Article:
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Everything posted by tallmandan

  1. Another vote for Custer SP. We stayed at Sylvan Lake Campground which was great. Agree with SeaDawg about the wildlife loop either eary or late in the day.
  2. Just joining in to say welcome! Your decision and your wait will most definitely be worth it! In the Summer of 2020, my wife and I were barely enduring a Colorado hailstorm in our pop-up trailer and decided it was time to upgrade. As I researched RV options, I found reports and stories of problems after problems. One of the guys I talked to said he wished he had just paid the money and waited for an Oliver. I said "what's an Oliver" and that was the begining for us. In a near-miracle, a 1-year old Oliver showed-up for sale in Denver. We bought it and have enjoyed it very much even though we only have time for shorter trips each season (still working full time). For us, the size is just right because it can fit in the National Park and National Forest campgrounds for boondocking, yet we have all the comforts in amazing, remote places without ever needing hookups. We've taken it to Canyonlands, Arches, Yellowstone, Grand Teton, Custer SP, Badlands, Gunnison Gorge, Great Sand Dunes and Rocky Mt National Parks in addition to numerous tucked-away, awesome national forest campgrounds. Absolutely no regrets in buying it and look forward to adventures with it for years to come. Maybe use the wait time to research and plan cool new places to take your Ollie 🙂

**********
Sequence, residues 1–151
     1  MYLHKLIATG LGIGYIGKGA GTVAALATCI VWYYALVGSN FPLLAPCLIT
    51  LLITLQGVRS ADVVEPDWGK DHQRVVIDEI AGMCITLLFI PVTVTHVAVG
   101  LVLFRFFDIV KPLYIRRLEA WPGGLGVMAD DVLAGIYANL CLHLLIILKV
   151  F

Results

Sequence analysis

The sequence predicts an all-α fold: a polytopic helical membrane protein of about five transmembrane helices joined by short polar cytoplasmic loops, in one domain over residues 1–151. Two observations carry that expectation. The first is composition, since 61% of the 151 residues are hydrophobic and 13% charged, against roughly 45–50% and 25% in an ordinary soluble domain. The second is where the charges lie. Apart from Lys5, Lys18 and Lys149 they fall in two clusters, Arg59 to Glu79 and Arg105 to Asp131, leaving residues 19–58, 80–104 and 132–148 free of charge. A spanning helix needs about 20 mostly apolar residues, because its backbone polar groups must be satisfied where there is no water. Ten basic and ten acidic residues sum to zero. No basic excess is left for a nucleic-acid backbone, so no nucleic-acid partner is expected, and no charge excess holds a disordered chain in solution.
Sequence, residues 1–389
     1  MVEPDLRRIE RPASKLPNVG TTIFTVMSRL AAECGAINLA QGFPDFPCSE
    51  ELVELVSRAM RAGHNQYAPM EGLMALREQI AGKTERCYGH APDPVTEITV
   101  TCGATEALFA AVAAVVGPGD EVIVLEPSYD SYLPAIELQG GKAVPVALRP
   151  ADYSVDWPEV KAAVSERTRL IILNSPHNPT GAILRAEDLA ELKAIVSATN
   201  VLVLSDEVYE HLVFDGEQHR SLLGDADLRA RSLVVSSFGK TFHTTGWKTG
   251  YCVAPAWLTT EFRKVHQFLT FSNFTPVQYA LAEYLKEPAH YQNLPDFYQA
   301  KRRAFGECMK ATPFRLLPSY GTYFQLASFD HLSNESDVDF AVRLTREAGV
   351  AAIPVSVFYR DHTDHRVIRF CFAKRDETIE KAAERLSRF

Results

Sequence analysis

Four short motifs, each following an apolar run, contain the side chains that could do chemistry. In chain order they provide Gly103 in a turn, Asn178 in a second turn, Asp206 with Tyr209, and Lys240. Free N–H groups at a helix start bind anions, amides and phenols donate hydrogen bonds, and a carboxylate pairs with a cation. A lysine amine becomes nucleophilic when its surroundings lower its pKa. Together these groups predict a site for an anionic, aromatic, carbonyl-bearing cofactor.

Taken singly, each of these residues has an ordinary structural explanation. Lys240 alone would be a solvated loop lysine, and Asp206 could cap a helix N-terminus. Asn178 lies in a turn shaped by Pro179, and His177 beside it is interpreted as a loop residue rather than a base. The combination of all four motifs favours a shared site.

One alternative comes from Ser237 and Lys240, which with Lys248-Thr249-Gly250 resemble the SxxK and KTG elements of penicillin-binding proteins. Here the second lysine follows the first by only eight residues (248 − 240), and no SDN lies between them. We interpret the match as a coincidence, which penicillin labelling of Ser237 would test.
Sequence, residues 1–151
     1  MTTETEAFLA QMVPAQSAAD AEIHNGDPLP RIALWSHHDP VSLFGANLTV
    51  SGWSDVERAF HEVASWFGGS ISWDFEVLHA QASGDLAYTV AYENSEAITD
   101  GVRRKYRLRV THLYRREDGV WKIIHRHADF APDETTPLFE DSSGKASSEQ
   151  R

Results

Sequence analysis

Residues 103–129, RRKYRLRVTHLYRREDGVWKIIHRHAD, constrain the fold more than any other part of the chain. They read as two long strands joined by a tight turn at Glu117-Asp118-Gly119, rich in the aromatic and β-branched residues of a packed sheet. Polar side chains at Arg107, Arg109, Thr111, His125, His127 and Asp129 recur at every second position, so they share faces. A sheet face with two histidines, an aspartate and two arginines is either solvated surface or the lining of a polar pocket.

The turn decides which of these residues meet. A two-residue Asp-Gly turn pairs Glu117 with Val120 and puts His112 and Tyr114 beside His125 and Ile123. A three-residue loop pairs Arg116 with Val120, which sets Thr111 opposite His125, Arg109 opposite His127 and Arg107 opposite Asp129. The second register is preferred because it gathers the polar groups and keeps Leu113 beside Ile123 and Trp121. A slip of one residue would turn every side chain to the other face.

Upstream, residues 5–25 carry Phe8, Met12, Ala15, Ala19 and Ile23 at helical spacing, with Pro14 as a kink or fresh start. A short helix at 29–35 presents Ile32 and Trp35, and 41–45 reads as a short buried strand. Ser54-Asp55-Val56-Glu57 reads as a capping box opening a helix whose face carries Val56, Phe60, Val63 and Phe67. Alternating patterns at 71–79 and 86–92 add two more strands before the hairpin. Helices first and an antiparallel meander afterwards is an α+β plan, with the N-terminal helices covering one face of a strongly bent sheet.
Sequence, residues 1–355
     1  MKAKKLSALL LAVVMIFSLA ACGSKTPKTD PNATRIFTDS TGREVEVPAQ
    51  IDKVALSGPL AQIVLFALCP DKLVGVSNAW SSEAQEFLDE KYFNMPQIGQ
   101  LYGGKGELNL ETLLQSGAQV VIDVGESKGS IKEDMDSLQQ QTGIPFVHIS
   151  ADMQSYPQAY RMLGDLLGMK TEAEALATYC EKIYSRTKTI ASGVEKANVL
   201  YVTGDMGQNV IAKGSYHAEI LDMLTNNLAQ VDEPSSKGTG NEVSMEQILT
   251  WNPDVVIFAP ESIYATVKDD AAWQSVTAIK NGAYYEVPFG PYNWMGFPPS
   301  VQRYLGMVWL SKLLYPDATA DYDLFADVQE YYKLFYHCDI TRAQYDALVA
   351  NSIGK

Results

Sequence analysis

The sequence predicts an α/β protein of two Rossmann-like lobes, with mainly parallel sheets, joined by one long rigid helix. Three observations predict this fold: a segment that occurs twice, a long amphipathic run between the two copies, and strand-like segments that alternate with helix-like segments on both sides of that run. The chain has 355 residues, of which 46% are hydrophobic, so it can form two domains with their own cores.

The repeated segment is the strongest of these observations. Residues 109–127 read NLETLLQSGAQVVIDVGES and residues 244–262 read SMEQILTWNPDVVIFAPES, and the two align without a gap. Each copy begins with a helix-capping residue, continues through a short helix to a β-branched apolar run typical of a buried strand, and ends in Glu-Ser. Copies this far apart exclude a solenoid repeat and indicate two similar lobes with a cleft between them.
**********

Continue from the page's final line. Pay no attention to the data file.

3. I've commented in a few different threads about my experience towing with my 2021 Chevy Silverado 1500 3.0L diesel. In 2.5 years, it now has 32K miles and about 5k towing my LEII. I thought I would post a follow-up that may be helpful for anyone considering the GM half-ton diesel as a tow vehicle. After owning Toyotas for almost 20 years, I have to say I was hesitant about the reliability of a GM product -- but it's been great so far. PROS: Power/torque more than adequate for towing an LEII. I just returned from a trip that took me over Loveland Pass, Rabbit Ears Pass and Berthoud Pass in Colorado. The diesel engine has absolutely no problem and no stress getting up and over. No noticable loss of power at high altitude and no high-RPM downshift that can happen with a gasoline engine. Fuel economy has been very good. I average 17 mpg while towing and the truck gets around 30 mpg in highway driving when not towing. In Colorado, diesel is now a little less expensive than regular again (yay!) but a year ago it was more per gallon so that wiped out any significant savings. 10 speed transmission is super smooth Automatic engine brake is fantastic on the long downhill runs. It's very reassuring to have it kick-in automatically and only touch the brakes a few times. I've always felt stable and in-control - even rolling all the way down Loveland pass at speed with traffic! GM trailer tow package and 360 degree camera package is excellent. It recognizes and remembers my trailer. It checks and notifies me of a wiring fault (I still check my lights/brakes manually). I purchased and self-installed the GM accessory trailer rear-view camera and it works extremely well. The live-motion back-up guidelines are super helpful (see photos). The truck monitors the TPMS sensors in my Oliver tires (had the GM sensors installed) and it displays on the dashboard screen. Comfortable and quiet ride both while towing and when being used as my daily-driver. You can barely tell its a diesel engine as there is almost no "clack" sound No problems in 32k miles so far CONS: Payload is around 1500 lbs (like all half-ton trucks) and that could be limiting for longer trips and taking more "stuff" Have to use the WD hitch (like all half-ton trucks). I find the Anderson WD hitch to be a hassle - but one that I can live with to be safe and legal. Squat from trailer tounge weight was not bad but a little more than I liked. I added Roadmaster Active Suspension (RAS) and this reduced squat by about an inch without any noticible effect on ride quality. Have to mess with adding DEF fluid. When towing, it uses a lot of DEF and the guage is not very accurate. Best to top off before leaving and/or put an extra 2.5g of DEF in the bed to minimize anxiety about it. Maintenance may be a little more expensive. I only trust the dealer to do the work as independent shops may not be familiar with the 3.0L Duramax. Oil changes cost $120 every 6K to 7K miles. Overall, I'm very pleased with my decision to buy the truck as my TV and as my daily-driver. I would buy this truck again and defintely get the 3.0 diesel over the 5.3 or 6.2 gas engines. If I were more of a full-timer in towing, I would consider spending the extra for a 3/4-ton. This would be primarily so that I had more payload and to avoid the WD hitch. Hope this may be helpful for anyone considering the GM half-ton diesel truck.